Washington could still scuttle the project, though. The Congressional Research Service noted: "Successive administrations have considered pipeline projects that include Iran as meeting the definition of ‘investment' in ILSA,"  a position to which Rice reportedly subscribes.  U.S. Ambassador to India David Mulford told the Indian media, "We have in a very friendly way notified and reminded the Indian government that the legislation is there — the Iran-Libya Sanctions Act." 
The Farsi offshore exploration and exploitation deal is as bogged down in practice. In March, 2007, the consortium discovered huge quantities of gas. By terms of its agreement, though, the group could neither transport the gas to India nor swap on its behalf. Instead, it would accept a 35 percent financial share on its sale by Iran,  but, given the disputes over liquefied natural gas pricing, there appears to be no certainty over payment in the short term. And, while the actual cost of exploration is less than the $20 million ceiling set by ILSA,  commercial production would increase Indian investment past the threshold and could invoke ILSA sanctions. U.S. officials appear equally opposed to further Indian involvement in Farsi bloc exploitation.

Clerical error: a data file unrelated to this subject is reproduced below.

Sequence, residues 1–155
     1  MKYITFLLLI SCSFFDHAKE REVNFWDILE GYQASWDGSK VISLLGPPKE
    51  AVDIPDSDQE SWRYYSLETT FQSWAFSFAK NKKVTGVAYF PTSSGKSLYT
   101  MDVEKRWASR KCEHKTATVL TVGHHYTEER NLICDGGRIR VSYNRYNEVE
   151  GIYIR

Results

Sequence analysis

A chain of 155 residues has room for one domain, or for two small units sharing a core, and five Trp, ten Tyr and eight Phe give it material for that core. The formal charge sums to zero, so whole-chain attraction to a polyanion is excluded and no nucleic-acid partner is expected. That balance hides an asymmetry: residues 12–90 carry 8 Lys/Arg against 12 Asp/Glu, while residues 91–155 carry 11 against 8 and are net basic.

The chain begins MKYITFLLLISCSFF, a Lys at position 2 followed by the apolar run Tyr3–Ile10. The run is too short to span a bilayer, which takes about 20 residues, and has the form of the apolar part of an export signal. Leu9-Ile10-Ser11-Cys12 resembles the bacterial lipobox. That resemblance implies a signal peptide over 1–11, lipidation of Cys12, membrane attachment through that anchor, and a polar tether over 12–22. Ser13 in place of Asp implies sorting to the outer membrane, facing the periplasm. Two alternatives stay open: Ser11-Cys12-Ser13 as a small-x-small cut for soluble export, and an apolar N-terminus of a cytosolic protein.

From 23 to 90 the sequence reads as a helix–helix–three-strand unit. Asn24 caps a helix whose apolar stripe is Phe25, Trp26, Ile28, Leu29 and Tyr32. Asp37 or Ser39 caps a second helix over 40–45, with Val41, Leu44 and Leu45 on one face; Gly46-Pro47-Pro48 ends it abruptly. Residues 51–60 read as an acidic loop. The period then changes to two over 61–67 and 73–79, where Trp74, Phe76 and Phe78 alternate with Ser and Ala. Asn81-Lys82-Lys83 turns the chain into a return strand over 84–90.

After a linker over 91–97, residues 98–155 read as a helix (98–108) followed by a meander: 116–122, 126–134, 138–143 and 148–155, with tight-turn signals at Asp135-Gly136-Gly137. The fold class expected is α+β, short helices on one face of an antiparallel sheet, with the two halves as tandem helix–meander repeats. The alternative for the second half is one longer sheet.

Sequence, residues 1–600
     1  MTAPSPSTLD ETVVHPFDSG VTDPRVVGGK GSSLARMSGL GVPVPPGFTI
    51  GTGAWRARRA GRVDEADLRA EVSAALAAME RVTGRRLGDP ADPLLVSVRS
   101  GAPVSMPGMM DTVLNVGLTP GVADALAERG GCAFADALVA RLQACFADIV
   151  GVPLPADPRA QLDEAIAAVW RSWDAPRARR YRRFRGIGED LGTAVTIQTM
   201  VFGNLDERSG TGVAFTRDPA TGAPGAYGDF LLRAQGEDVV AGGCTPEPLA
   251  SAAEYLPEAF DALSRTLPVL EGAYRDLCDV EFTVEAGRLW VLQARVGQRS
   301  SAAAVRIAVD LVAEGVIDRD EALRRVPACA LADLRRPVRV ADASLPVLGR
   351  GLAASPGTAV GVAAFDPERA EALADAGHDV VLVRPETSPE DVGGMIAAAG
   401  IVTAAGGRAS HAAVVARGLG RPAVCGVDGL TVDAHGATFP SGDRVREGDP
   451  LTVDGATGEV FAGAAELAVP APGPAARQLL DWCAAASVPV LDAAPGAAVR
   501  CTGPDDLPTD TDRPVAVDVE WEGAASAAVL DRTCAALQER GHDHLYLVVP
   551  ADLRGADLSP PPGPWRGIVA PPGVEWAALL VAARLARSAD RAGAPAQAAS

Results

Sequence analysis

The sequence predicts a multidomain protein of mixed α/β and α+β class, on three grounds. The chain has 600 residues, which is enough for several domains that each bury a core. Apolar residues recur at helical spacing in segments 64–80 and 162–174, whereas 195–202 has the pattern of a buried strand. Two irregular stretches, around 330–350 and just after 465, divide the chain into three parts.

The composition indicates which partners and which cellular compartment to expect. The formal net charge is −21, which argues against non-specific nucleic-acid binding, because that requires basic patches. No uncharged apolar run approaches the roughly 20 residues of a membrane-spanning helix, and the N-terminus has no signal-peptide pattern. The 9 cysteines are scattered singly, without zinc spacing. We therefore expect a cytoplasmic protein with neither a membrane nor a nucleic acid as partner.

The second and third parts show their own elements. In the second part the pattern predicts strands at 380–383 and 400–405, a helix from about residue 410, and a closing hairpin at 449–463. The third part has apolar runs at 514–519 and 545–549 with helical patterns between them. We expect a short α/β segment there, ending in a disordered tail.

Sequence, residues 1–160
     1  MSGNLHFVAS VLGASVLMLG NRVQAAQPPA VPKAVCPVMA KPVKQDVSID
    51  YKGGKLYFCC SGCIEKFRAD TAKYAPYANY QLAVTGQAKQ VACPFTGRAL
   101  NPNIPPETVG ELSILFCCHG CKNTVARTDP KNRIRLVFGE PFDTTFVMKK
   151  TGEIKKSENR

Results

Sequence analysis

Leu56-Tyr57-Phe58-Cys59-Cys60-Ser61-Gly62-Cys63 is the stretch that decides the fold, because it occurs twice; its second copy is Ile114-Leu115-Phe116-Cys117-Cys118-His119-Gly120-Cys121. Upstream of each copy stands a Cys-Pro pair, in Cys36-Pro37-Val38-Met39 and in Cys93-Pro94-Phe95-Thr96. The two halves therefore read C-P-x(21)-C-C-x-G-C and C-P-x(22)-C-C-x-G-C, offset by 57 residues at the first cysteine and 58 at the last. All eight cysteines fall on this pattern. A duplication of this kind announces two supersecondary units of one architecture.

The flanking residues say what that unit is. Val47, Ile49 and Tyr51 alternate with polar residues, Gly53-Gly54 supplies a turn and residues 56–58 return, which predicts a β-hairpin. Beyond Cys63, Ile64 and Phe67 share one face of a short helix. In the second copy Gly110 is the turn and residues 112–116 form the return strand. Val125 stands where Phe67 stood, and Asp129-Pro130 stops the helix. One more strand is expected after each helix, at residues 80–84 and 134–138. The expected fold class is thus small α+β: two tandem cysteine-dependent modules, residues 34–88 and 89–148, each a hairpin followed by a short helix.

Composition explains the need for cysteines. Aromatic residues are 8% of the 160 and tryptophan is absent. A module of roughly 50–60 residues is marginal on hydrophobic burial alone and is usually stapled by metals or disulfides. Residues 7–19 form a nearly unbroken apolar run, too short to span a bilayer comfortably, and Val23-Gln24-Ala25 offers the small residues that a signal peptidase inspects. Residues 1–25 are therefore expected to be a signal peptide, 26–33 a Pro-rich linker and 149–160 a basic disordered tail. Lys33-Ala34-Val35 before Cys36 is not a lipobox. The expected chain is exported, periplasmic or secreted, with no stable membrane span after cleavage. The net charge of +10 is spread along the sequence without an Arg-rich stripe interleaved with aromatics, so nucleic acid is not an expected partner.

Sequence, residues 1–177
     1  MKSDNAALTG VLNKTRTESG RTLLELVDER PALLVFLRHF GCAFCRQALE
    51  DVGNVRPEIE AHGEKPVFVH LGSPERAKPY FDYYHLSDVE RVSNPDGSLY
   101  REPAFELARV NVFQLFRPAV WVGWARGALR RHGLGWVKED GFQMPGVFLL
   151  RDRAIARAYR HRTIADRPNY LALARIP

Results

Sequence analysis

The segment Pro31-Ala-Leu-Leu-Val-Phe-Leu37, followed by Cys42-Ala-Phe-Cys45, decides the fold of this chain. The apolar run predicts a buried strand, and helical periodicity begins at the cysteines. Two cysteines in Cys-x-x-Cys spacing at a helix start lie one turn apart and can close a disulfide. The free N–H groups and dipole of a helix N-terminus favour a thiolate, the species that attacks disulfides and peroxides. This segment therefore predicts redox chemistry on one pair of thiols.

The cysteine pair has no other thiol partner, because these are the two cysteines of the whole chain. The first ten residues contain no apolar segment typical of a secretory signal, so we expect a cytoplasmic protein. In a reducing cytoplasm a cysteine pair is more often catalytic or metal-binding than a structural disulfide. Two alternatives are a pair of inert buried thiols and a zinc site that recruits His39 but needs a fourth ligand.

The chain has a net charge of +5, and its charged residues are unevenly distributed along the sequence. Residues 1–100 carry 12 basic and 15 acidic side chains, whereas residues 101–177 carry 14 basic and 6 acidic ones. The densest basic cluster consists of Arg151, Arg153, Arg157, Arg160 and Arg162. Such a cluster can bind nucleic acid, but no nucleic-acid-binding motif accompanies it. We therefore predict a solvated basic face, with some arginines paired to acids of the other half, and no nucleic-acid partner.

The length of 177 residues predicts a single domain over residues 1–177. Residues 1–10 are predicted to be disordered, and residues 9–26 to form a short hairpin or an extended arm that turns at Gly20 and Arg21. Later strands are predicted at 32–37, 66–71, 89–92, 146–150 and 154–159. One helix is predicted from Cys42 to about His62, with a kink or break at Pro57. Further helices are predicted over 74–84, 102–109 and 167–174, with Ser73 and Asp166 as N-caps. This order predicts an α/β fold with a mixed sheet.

The coverage in the Indian media on energy deals involving Iran is not only disproportionate to the size of the deals, but also to their importance. Contrary to popular perception, until recently, Iran has not been a vital source of energy supplies to India (Table 1). Traditionally, India imported more oil from Iraq, Nigeria, Saudi Arabia, and the United Arab Emirates.
Table 1: India's Import of Oil from Iran (In US$ million)
Iran, therefore, makes news not because it is essential to India, but because it is problematic. Difficulty in realizing benefits from Iranian investment is highlighted by the juxtaposition with Indian projects elsewhere in the region. For example, India's 25-year gas deal with Qatar signed in October, 2000, has been so smooth that Qatar agreed to supply an additional 2.5 million tons of liquefied natural gas over and above its 5 million-ton commitment. The state-owned Oil and Natural Gas Commission has invested over $2 billion in the Sakhalin oil and gas fields in Russia. Likewise, Indian companies have invested over $2 billion in Sudan.